The currency of baseball is wins. The ultimate goal is to win enough games to make the postseason and then win enough games in the postseason to win a World Series. For that reason, we care a lot about what leads to wins and losses, and outscoring your opponent is the only path to victory. This is all pretty obvious, but if we unpack it we stumble on to some pretty important realizations.
Before we go anything further, this post stays at 30,000 and serves as an introduction to Pythagorean Record and Base Runs. I won’t be going into the details of the exact formulas, but rather why these statistics are useful when looking at the team level. If you’re already well-versed in the various expected records, there probably isn’t a lot of new information below.
The problem with wins and losses
After 50 games, if a team is 30-20, are they a good team? They’ve won 60% of their games, so if they keep doing that, they’re going to have a great season. But are they a good team? Can you tell if they’re good only from their record?
The answer, most of the time, is no. This is especially true in small samples. For example, if a team goes 2-8 in their first 10 games, they probably aren’t a true talent 32- 130 team. If a team starts 10-20, are they a true talent 54-108 team? Almost certainly not.
Anyone who has ever watched baseball knows that a team’s record early in the season isn’t a clear indication of their true talent. Maybe you think a 2-8 team isn’t capable of winning 100 games, but you know they’re going to win more than 32. From here, you can infer that wins and losses through a given date are not necessarily reflective of a team’s true talent or even their true performance. This is true for many reasons, such as variable scheduling, luck, sequencing, and all sorts of other issues. A good team can lose a bunch and a bad team can win a bunch. The goal is to win games, but winning games through a certain date doesn’t tell you the whole story about a team. Is there something that offers more?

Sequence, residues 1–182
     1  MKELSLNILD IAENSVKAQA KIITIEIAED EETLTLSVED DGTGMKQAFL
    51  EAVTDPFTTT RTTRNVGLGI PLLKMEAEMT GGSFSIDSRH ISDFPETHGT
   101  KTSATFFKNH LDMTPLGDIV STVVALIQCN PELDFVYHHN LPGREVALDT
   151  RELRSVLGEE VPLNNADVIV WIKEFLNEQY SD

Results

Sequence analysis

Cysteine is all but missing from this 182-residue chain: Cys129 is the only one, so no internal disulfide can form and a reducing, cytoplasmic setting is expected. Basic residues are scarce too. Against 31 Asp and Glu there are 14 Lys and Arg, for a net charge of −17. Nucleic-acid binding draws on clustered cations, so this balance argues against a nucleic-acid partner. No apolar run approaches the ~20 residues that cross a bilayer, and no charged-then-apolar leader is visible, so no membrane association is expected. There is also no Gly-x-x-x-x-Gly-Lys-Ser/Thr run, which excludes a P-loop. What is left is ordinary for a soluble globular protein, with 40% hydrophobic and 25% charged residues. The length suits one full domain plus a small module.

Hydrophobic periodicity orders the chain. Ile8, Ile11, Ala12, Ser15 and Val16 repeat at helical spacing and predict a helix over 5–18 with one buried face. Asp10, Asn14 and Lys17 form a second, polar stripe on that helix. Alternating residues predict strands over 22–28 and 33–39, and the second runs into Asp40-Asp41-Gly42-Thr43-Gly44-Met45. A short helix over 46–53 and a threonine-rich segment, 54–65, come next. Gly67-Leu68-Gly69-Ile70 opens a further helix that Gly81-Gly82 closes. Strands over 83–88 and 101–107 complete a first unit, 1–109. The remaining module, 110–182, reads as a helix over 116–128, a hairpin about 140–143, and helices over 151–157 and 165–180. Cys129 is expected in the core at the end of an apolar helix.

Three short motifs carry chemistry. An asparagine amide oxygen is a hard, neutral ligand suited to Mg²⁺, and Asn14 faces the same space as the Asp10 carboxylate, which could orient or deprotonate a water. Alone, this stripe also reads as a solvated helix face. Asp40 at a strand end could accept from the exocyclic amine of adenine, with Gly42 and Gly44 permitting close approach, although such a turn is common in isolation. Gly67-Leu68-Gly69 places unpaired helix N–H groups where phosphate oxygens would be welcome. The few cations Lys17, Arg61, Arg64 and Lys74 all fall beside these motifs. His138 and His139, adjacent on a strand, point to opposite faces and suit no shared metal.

You may not know Pythagorean Record by that name, but you’ve likely heard about run differential. Run differential allows you to calculate a team’s Pythagorean Record. The idea here is that how many runs a team scores and allows is a better reflection of their ability and performance than their W/L record.
Imagine two teams. Team A has played five games with the following outcomes: W (10-0), W (5-0), W (6-2), L (3-4), L (3-5). They are 3-2 while scoring 27 runs and allowing 11. Imagine Team B: W (2-1), W (3-2), W (4-3), L (1-8), L, 2-7). Team B is 3-2 while scoring 12 runs and allowing 21. Are they equal? By W/L record, they appear the same, but Team A has won by a lot of runs and narrowly lost while Team B has narrowly won and lost by a bunch.
I’ve used a five game example for clarity, but this can happen over 50 or 100 games as well. And going forward, teams are more likely to play like their run differential than their W/L record because those runs scored and allowed are less noisy than the individual games. But they aren’t completely without noise. If you score a lot of runs and don’t allow very many, you’re going to win, but that doesn’t mean run differential is perfect either.
Enter Base Runs. It’s relatively easy to convince someone that a team winning by large margins and losing by small margins is better than a team with the same record who wins by small margins and loses by large ones, but it’s harder to convince someone that those runs themselves are a somewhat imperfect measure of performance as well. If a team wins 5-1, is it really possible that the team that scored one run actually played better?